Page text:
The science behind mental health and exercise

Mental Health Awareness Week runs from 9-15 May – the GB Rowing Sports Science Team explores why exercise is important for wellbeing


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The benefit of regular exercise on physical well-being is well established. Regular exercise improves muscular strength, cardiovascular fitness, and improves bone health. It also reduces the risk of several diseases including high blood pressure, coronary heart disease, and Type 2 diabetes. However, exercise also plays an important role in mental well-being by reducing feelings of stress and anxiety, and by helping to lift mood state.

Serotonin is often referred to as the body’s natural “feel good” chemical

Firstly, exercise triggers the release of chemical messengers in the brain called neurotransmitters. Endorphins are one of many neurotransmitters released when you exercise and they play an important role in regulating mood state. Endorphins interact with opiate (pain) receptors in the body, acting as natural pain killers and boosting pleasure, which results in feelings of positive well-being. You will also feel a lift in mood state following exercise thanks to a boost in a neurotransmitter called serotonin. Serotonin is often referred to as the body’s natural “feel good” chemical and plays an important role in regulating mood and anxiety amongst a several other functions.

Exercise also helps to improve concentration, memory, and learning which may help to minimise distractions in your new working environment. The exercise-induced increase in blood flow to the brain, increases the activity of neurons. Neurons are essential structural units of the brain that process and transmit information around the body. Advances in neuroimaging have also shown that regular exercise can lead to structural changes in the brain. For example, regular aerobic exercise has been shown to play an important role in neurogenesis, the growth of new neurons. One recent Harvard study (1) found that regular exercise promotes cell growth of the hippocampus, the part of the brain associated with memory and learning, by doing just 30 minutes of moderate exercise per day.

Regular exercise can lead to structural changes in the brain

There are a host of other ways that exercise promotes positive mental well-being, including relieving muscular tension which you may have built up throughout the day, improving sleep quality, and boosting energy levels.

Exercise doesn’t have to mean running marathons every day, there are lots of ways to be active and finding a physical activity regime to suit your new lifestyle is key. Exercise shouldn’t be something we ‘have to do’, but something that we enjoy doing because it makes us feel good and we recognise the value that it has on our physical and mental well-being.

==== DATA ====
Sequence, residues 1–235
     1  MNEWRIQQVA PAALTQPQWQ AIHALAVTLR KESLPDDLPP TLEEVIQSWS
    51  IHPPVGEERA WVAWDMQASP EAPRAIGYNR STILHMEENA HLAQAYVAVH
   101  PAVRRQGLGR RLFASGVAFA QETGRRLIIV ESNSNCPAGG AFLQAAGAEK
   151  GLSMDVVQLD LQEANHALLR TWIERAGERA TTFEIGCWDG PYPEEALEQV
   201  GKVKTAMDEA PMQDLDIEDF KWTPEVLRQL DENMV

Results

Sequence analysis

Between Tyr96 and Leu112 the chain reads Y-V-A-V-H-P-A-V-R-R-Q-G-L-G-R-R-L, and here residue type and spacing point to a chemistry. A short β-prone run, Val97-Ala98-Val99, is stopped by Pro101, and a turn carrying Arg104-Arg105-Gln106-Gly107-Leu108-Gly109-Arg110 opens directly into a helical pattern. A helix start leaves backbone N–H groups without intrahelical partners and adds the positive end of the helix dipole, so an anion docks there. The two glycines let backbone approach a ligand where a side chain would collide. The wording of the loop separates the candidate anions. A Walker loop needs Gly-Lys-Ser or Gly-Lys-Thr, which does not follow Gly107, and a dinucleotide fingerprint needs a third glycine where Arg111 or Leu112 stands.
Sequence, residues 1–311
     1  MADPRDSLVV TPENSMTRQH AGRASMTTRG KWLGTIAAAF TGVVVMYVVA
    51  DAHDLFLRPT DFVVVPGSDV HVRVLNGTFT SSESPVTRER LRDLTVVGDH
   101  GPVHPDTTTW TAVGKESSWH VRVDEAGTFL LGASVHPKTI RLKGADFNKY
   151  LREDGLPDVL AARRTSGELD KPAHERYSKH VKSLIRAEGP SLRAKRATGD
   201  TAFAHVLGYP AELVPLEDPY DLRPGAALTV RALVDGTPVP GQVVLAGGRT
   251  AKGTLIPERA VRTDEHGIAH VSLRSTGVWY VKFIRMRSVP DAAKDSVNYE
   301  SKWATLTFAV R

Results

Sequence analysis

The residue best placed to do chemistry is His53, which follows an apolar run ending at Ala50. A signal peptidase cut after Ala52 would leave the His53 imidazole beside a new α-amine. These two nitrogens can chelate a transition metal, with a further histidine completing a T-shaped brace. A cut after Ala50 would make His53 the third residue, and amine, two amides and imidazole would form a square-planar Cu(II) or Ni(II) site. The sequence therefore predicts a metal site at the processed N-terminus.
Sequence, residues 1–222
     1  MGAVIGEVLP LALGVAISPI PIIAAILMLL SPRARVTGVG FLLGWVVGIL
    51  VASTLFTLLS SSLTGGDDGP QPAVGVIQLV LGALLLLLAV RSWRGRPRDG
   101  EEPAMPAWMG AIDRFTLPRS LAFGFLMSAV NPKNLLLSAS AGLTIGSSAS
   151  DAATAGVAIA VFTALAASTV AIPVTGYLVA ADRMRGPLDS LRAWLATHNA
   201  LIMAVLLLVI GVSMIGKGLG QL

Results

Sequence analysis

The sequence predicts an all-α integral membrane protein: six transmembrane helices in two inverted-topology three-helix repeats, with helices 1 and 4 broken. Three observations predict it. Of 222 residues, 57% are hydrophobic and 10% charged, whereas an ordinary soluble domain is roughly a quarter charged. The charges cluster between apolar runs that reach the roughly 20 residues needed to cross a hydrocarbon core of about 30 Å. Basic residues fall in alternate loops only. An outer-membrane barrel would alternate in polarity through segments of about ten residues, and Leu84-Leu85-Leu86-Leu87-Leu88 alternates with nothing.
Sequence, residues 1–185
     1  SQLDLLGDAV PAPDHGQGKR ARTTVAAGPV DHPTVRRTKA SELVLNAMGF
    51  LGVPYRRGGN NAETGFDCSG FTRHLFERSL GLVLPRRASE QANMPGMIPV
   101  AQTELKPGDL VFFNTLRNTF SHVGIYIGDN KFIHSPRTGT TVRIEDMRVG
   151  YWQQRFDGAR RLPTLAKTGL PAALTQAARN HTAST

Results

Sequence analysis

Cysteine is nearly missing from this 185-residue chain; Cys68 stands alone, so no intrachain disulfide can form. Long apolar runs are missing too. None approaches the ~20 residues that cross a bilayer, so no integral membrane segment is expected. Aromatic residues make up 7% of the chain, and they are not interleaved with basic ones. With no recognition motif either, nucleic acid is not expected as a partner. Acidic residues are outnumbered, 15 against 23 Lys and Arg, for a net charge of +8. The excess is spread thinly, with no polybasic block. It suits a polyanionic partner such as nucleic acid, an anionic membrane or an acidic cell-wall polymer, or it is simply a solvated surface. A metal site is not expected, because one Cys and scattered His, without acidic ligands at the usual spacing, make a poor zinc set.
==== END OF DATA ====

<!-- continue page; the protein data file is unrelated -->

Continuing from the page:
The fitter children also performed better in memory recognition tasks.

Five top tips for mental and physical well-being

  1. If you are feeling periods of heightened stress and anxiety go for a short (as little as 30 minutes) walk, jog, or a bike ride, outside if you can. If you don’t want to leave the house, try a home workout like gardening or yoga.
  2. Try to think of physical activity as a lifestyle choice, rather than a chore. Choose activities that you enjoy and that make you feel good as this will help you to sustain a consistent exercise routine.
  3. Make exercise fun and social by including the people in your household – that includes children too. American researchers (2) found that children aged 9-10 with high levels of fitness had a greater hippocampal volume, compared to children with a lower level of fitness. Interestingly, the fitter children also performed better in memory recognition tasks.
  4. Fitness trackers and apps can help you stay connected and motivated during this time. Tracking your progress will give you a sense of accomplishment and an emotional boost to keep going.
  5. Many gyms and apps are offering virtual sessions and classes which may help to give you a social connection.

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Take it further – the references

(1) Thomas et al (2016). Multi-modal characterization of rapid anterior hippocampal volume increase associated with aerobic exercise. NeuroImage, 131, 162–170.

(2) Chaddock et al. (2010). A neuroimaging investigation of the association between aerobic fitness, hippocampal volume, and memory performance in preadolescent children. Brain Research, 1358, 172–183.